How do Preterists & Pantelists who are URists address alleged anti UR “proof texts” such as the following:
Yes you are right to point this out. The pantelist position is that said saving was to be from the trials and tribulations of the prophesied forthcoming turmoil associated with the winding up of the old covenant world or age. This was occurring to those, or as you have it… “Jesus specified a certain group” of that historic 40yr period AD30-70 — a biblical generation, i.e., Jesus’… “this generation.”
Those who stood firm in their faith would survive into the coming (new) age of righteousness with all vestiges, i.e., “elements” of the old covenant age having been brought to nought — starting at the cross and consummating in the parousia. What was visual, that is… “every eye shall see” was the demonstrable destruction of everything associated with that old covenant world or age, i.e., the Temple, the Priesthood, the Sacrifices, the Law, all being thoroughly wiped out via the Roman rout of AD66-70 — the prophetic 3½yrs or 42mths — or as Daniel has it described to him…
Dan 12:7 Then I heard the man clothed in linen, who was above the waters of the river, when he held up his right hand and his left hand to heaven, and swore by Him who lives forever, that it shall be for a time, times, and half a time; and when the power of the holy people has been completely shattered, all these things shall be finished.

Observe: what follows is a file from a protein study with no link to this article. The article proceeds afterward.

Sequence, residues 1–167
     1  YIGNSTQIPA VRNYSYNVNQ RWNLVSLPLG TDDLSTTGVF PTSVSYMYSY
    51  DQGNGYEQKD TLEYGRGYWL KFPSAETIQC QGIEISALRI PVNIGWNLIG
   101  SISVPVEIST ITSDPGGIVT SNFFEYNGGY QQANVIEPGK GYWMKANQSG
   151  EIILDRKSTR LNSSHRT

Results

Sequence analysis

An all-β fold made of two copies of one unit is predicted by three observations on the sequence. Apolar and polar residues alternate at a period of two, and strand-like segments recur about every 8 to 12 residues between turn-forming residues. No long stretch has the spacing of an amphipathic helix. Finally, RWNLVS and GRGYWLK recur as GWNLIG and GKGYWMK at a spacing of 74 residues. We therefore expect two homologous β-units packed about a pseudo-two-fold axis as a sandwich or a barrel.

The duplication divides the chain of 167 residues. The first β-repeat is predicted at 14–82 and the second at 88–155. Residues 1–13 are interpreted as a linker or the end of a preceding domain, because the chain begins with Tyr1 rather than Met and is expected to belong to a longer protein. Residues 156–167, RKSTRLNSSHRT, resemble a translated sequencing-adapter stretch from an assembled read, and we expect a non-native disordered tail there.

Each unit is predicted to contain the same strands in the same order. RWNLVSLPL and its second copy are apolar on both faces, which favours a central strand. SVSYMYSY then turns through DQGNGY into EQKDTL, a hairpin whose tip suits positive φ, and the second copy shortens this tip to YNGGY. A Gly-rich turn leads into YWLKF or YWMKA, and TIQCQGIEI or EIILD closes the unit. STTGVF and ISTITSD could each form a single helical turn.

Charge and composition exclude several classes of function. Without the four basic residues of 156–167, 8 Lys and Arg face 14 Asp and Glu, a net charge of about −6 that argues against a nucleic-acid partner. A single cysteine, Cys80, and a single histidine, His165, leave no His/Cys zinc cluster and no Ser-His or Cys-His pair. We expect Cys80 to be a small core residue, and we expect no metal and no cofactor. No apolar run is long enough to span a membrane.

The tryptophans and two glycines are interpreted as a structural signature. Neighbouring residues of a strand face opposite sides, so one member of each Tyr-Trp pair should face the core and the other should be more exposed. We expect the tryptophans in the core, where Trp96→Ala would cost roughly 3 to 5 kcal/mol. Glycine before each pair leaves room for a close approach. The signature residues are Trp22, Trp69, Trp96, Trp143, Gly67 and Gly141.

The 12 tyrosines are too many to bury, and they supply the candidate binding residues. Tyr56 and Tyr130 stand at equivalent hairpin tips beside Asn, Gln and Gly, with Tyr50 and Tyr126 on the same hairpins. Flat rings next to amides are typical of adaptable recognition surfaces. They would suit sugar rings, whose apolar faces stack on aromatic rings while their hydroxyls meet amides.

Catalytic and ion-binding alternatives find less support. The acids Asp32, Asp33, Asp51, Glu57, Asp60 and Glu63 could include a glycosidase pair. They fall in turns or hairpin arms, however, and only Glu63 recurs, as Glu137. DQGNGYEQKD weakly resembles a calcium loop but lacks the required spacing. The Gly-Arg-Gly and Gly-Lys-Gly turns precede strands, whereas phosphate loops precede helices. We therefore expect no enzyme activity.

Do Pantelists say the same regarding:
(39) But we do not belong to those who shrink back and are destroyed, but to those who have faith and are saved.
“As for Hebrews 10:37, Gregg offers only his “opinion” without reasons that it is about A. D. 70, when it is clearly about Christ’s Second Coming as both the language and context indicate. For it speaks about our “reward” and “heaven” (vv. 34-35).”
Yes… in the face of persecution, reversion to Judaism was a real issue the apostles contended with, cf. Heb 6:4-6; 10:29; 2Pet 2:20-22; Gal 2:18 + multiple verses from Acts + Rev.
As for Norman Geisler and his gripe against some Hank Hanegraaff’s partial prêterism… I wouldn’t venture too much of an opinion myself other than to say in some respects Geisler is correct, i.e., partial prêterism is inconsistent; it is, in fact, partial futurism and so as far as I’m concerned… dead in the water. IF only Geisler had eyes to see he’d realise that AD70 WAS the Parousia, i.e., they were, in fact, both one and the same event.
The Old Testament prophets used cosmic language to describe transformative historical events.
The story of judgment and vindication which Jesus told is very much like the story told by the prophet Jeremiah, invoking the categories of cosmic disaster in order to invest the coming socio-political disaster with its full theological significance.
N. T. Wright ‘* Jesus and the Victory of God *’ p. 323
Biblical prophecy is figurative or symbolic language describing and uncovering the spiritual significance and meaning of temporal events (AD70) and as such being meaningful to their original hearers — “let him who has ears” etc.
Christ’s coming was imminent in their lifetimes… which means that it must be long-fulfilled by ours. What would happen if we began to walk in the empowerment of these promises kept?
Prov 13:12 Hope deferred makes the heart sick, but when the desire comes, it is a tree of life. C.f. Acts 26:6-8; 24:15; 23:6
Futurism has deferred the NT hope… no wonder the church has been sick ever since!
Davo, are you in agreement with Adam Clarke’s commentary on Heb.10:39:
I think Clarke gives a reasonable reading. In this vein you may find this interesting as well…